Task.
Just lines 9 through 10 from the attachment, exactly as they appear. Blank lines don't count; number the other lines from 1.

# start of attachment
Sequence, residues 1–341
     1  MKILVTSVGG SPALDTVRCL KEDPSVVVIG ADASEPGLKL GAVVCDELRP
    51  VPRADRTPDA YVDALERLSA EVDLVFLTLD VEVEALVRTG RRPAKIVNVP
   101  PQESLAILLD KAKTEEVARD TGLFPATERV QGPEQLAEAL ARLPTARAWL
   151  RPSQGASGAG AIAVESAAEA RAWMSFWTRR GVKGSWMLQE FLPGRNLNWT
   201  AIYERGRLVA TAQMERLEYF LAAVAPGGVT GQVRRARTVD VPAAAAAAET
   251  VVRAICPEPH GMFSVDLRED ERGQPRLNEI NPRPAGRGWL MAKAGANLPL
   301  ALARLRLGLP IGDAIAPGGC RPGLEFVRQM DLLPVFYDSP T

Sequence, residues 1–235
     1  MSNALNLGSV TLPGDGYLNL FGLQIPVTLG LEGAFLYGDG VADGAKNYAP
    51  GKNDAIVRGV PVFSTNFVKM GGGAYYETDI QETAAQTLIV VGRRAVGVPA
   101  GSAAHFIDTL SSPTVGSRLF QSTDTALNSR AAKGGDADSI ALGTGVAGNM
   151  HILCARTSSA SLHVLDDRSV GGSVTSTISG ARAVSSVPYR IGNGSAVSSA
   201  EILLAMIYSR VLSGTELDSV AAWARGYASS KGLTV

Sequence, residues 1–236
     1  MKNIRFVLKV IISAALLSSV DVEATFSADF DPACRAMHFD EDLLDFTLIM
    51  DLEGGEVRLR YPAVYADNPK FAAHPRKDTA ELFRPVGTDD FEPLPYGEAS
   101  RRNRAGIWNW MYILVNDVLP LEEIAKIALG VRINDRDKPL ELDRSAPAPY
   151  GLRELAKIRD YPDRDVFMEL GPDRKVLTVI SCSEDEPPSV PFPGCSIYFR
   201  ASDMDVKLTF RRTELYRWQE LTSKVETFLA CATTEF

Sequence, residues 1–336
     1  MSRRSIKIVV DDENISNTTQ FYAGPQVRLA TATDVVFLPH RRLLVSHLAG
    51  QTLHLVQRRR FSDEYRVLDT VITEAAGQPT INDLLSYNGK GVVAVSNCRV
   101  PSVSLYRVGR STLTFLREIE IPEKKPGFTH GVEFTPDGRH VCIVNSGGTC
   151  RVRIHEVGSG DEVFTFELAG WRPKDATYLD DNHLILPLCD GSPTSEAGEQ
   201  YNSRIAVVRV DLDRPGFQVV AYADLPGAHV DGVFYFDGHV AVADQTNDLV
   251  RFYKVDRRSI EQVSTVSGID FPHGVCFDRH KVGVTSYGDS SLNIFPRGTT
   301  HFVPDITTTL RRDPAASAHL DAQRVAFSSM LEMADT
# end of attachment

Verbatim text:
Sequence, residues 1–235
     1  MSNALNLGSV TLPGDGYLNL FGLQIPVTLG LEGAFLYGDG VADGAKNYAP